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Pressure Control by the Hour®. In 2016, we entered into a ten-year agreement with a subsidiary of GE Oil & Gas, or GE, to provide services with respect to certain blowout preventer and related well control equipment on our four drillships. Such services include management of maintenance, certification and reliability with respect to such equipment. In connection with the services agreement with GE, we sold the equipment to a GE affiliate for an aggregate $210.0 million and are leasing back such equipment over separate ten-year operating leases. Collectively, we refer to the services agreement with GE and the lease agreements with the GE affiliate as the “PCbtH program.” See Note 12 “Sale and Leaseback Transactions” to our Consolidated Financial Statements in Item 8 of this report.

Except for our contractual requirements under the PCbtH program discussed above, we had no other purchase obligations for major rig upgrades or any other significant obligations at December 31, 2017, except for those related to our direct rig operations, which arise during the normal course of business.

Other Commercial Commitments — Letters of Credit

We were contingently liable as of December 31, 2017 in the amount of $20.4 million under certain performance, tax, supersedeas, bid and customs bonds and letters of credit. Agreements relating to approximately $14.8 million of supersedeas, tax and customs bonds can require collateral at any time. As of December 31, 2017, we had not been required to make any collateral deposits with respect to these agreements. The remaining agreements cannot require collateral except in events of default. Banks have issued letters of credit on our behalf securing certain of these bonds. The table below provides a list of these obligations in U.S. dollar equivalents and their time to expiration.

 

            For the Years Ending
December 31,
 
     Total          2018              2019      
     (In thousands)  

Other Commercial Commitments

        

Performance bond

   $ 1,000      $      $ 1,000  

Supersedeas bond

     9,189        9,189         

Tax bond

     5,408        5,408         

Bid bond

     3,200        3,200         

Other

     1,649        1,649         
  

 

 

    

 

 

    

 

 

 

Total obligations

   $ 20,446      $ 19,446      $ 1,000  
  

 

 

    

 

 

    

 

 

 

Off-Balance Sheet Arrangements

At December 31, 2017 and 2016, we had no off-balance sheet debt or other off-balance sheet arrangements.

Other

Currency Risk. Some of our subsidiaries conduct a portion of their operations in the local currency of the country where they conduct operations, resulting in foreign currency exposure. Currency environments in which we currently have or previously had significant business operations include Australia, Brazil, Egypt, Malaysia, Mexico, Trinidad and Tobago and the U.K., creating exposure to certain monetary assets and liabilities denominated in currencies other than the U.S. dollar. These assets and liabilities are revalued based on currency exchange rates at the end of the reporting period.

To reduce our currency exchange risk, we may, if possible, arrange for a portion of our international contracts to be payable to us in local currency in amounts equal to our estimated operating costs payable in local currency, with the balance of the contract payable in U.S. dollars. At present, however, only a limited number of our contracts are payable both in U.S. dollars and the local currency. Historically, to the extent that we have not been able to cover our local currency operating costs with customer payments in the local currency, we have also utilized foreign currency forward exchange, or FOREX, contracts to reduce our currency exchange risk. We currently have no outstanding FOREX contracts.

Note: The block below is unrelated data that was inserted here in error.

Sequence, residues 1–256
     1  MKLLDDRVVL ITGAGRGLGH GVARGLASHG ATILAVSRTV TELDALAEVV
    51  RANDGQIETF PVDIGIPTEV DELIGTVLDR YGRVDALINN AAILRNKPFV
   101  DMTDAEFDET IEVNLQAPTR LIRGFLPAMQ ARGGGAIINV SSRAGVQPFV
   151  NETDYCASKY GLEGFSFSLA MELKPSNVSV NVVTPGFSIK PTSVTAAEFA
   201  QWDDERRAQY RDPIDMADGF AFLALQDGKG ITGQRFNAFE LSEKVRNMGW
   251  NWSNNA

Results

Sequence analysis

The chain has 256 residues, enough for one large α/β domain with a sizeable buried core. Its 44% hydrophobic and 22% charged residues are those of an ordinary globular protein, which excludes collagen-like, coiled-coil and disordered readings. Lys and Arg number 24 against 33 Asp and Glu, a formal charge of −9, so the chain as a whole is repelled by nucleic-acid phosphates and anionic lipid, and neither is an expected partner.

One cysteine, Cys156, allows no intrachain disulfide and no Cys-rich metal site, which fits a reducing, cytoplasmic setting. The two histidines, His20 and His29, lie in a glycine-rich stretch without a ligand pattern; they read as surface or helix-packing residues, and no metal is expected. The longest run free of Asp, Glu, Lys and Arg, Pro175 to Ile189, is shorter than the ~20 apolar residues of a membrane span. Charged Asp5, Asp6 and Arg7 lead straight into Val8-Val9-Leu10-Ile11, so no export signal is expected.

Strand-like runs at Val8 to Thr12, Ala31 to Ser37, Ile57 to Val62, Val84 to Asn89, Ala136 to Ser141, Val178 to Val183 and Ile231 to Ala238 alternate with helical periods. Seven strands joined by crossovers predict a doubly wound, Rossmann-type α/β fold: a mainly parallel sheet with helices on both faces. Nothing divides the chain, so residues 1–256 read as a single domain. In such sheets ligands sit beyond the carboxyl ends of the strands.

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We record currency transaction gains and losses and gains and losses arising from the settlement of our FOREX contracts that have been designated as cash flow hedges as “Foreign currency transaction (loss) gain” and “Contract drilling, excluding depreciation” expense, respectively, in our Consolidated Statements of Operations. The revaluation of liabilities denominated in currencies other than the U.S. dollar related to foreign income taxes, including deferred tax assets and liabilities and uncertain tax positions, is reported as a component of “Income tax benefit,” in our Consolidated Statements of Operations.

Forward-Looking Statements

We or our representatives may, from time to time, either in this report, in periodic press releases or otherwise, make or incorporate by reference certain written or oral statements that are “forward-looking statements” within the meaning of Section 27A of the Securities Act of 1933, as amended, or the Securities Act, and Section 21E of the Securities Exchange Act of 1934, as amended, or the Exchange Act. All statements other than statements of historical fact are, or may be deemed to be, forward-looking statements. Forward-looking statements include, without limitation, any statement that may project, indicate or imply future results, events, performance or achievements, and may contain or be identified by the words “expect,” “intend,” “plan,” “predict,” “anticipate,” “estimate,” “believe,” “should,” “could,” “may,” “might,” “will,” “will be,” “will continue,” “will likely result,” “project,” “forecast,” “budget” and similar expressions. In addition, any statement concerning future financial performance (including, without limitation, future revenues, earnings or growth rates), ongoing business strategies or prospects, and possible actions taken by or against us, which may be provided by management, are also forward-looking statements as so defined. Statements made by us in this report that contain forward-looking statements may include, but are not limited to, information concerning our possible or assumed future results of operations and statements about the following subjects: